Published on March 17th, 20130
Figuring out Beer Labels Can Give You a Hangover
Most beer labeling falls under the domain of the Treasury Department’s Alcohol and Tobacco Tax and Trade Bureau (TTB), which does not have the same labeling requirements as the FDA. (The Bureau of Alcohol, Tobacco, Firearms and Explosives, or ATF, only investigates the illegal diversion of alcohol products.) Beer falls under the rules of the FDA only if it’s made from anything other than malted barley.
All beer labels are required to list ingredients people may be sensitive to, such as sulfites, FD&C Yellow No. 5, and aspartame, on their labels. Most beers will also list their alcohol by volume, though they are not required to do so.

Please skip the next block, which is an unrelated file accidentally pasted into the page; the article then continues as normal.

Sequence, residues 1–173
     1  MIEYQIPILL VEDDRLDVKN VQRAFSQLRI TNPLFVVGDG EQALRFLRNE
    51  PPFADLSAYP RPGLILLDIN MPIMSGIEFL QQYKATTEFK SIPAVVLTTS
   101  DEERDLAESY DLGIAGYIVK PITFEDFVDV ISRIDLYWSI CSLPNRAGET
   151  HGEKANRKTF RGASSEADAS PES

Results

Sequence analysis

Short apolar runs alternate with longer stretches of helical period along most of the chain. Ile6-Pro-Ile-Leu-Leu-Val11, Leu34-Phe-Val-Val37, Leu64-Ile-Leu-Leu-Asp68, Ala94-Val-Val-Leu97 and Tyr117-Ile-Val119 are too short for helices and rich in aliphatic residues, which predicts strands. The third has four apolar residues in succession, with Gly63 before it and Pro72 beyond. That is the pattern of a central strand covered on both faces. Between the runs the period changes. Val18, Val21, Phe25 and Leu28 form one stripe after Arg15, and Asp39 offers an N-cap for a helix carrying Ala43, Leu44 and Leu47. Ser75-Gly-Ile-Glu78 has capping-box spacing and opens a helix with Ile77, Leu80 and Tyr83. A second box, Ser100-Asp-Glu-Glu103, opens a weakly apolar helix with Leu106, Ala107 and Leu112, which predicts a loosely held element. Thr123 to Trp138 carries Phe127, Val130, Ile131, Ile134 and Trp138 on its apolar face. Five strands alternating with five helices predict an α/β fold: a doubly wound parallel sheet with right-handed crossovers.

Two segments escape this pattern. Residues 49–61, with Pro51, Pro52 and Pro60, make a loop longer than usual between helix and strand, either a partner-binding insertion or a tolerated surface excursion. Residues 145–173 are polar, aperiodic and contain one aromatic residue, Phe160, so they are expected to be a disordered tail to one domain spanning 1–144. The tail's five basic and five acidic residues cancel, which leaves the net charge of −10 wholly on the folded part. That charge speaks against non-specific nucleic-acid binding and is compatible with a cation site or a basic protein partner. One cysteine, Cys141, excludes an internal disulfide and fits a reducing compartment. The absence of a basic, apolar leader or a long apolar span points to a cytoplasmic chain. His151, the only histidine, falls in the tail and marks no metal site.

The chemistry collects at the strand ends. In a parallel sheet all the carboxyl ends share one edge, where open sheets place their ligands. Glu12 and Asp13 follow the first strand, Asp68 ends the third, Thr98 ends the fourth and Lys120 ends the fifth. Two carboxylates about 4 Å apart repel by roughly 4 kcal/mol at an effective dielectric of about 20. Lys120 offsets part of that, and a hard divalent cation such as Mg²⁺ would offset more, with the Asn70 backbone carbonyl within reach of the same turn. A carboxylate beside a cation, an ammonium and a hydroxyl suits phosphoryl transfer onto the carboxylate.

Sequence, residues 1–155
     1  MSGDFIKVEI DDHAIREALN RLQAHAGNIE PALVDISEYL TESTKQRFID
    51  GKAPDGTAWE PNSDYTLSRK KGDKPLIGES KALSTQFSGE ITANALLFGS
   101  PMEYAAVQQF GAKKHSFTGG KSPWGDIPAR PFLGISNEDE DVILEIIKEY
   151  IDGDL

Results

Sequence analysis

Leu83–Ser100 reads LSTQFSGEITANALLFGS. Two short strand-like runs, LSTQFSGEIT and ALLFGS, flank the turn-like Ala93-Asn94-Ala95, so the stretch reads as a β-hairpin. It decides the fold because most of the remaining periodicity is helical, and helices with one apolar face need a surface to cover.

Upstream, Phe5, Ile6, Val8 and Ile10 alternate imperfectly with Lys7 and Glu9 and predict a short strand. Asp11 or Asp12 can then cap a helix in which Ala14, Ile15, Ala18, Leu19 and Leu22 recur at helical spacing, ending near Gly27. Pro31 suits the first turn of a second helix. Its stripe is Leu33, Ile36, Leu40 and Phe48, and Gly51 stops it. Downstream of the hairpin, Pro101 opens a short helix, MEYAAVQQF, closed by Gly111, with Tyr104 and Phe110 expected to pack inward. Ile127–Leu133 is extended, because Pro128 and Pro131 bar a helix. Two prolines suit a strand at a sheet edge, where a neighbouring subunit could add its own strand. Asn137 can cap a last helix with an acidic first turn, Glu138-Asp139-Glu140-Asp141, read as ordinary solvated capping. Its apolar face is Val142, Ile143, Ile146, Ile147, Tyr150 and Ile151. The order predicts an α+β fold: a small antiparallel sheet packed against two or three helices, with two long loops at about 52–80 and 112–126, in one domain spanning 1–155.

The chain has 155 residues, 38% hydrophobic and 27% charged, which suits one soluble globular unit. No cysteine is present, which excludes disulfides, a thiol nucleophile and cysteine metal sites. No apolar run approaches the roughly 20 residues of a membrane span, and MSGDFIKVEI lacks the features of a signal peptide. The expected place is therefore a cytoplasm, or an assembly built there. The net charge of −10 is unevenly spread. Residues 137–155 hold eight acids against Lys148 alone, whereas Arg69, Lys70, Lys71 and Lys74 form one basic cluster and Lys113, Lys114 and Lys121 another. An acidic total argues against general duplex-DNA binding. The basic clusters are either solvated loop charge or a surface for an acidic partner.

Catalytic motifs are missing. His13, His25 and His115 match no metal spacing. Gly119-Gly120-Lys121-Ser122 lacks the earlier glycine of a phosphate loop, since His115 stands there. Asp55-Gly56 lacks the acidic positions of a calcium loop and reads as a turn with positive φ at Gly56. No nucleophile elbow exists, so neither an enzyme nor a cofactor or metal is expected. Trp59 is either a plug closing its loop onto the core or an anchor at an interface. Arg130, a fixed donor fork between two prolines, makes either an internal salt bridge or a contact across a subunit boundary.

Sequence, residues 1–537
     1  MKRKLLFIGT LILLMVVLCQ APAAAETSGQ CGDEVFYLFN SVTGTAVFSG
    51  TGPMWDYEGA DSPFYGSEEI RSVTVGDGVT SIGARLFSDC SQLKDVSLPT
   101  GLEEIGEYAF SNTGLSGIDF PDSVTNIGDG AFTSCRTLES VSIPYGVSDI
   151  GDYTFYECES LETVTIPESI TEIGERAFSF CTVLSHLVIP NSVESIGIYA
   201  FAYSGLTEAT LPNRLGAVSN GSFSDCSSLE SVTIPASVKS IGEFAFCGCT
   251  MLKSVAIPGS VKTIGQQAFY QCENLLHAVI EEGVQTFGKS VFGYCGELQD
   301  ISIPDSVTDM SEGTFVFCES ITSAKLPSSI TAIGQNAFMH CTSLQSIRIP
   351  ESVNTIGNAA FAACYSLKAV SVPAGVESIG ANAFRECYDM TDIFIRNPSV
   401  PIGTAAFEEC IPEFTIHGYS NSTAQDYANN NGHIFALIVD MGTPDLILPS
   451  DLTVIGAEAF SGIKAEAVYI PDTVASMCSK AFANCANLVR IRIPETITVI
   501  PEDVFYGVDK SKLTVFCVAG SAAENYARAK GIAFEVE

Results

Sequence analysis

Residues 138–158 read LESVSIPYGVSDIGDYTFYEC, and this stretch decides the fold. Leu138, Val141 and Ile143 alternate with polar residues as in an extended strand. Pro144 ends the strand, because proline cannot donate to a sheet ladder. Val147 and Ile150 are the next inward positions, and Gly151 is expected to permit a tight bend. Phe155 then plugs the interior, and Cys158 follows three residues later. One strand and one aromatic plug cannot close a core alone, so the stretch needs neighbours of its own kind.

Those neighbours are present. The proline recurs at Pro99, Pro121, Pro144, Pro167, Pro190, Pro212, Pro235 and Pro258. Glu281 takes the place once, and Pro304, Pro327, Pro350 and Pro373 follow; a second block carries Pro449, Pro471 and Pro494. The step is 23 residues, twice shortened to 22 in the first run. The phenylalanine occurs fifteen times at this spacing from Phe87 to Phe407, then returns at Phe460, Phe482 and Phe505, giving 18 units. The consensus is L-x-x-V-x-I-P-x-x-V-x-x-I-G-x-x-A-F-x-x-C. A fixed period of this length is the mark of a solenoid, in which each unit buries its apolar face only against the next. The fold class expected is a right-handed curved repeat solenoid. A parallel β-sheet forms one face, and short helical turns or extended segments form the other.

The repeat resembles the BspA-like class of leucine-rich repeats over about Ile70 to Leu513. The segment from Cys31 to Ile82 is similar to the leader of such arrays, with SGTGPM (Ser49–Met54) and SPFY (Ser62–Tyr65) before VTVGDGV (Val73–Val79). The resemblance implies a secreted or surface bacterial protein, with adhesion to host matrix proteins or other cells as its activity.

Meanwhile, labels for beers advertised as “light” must list carbohydrates and calories, and may list alcohol by volume as well. But consumers trying to figure out how many calories they are saving by picking up a light beer are out of luck, as a light beer’s non-light counterpart may not list its calories and carbs for comparison.
What’s a drinker to do?
But even if you can figure out the calories, will drinking light beer really help your waistline?
It depends. By way of example, let’s look at Bud.
A 12-ounce container of Budweiser has 145 calories and 10.6 carbs, with 5.0 percent alcohol by volume. Bud Light has 110 calories and 6.6 carbs, with 4.2 percent alcohol by volume. So Bud Light is lighter, but to the tune of 35 calories – the same amount of calories in about 10 grapes or one pretzel rod.
On the other hand, 12 ounces of Bud Light Platinum contains 137 calories, 4.4 carbs, and 6.0 percent alcohol by volume – more alcohol than in regular Budweiser, and only eight fewer calories. So Bud Light Platinum is lighter in carbs, but heavier in booze.
The takeaway? Light beer may be a meaningless term. Go with what you like.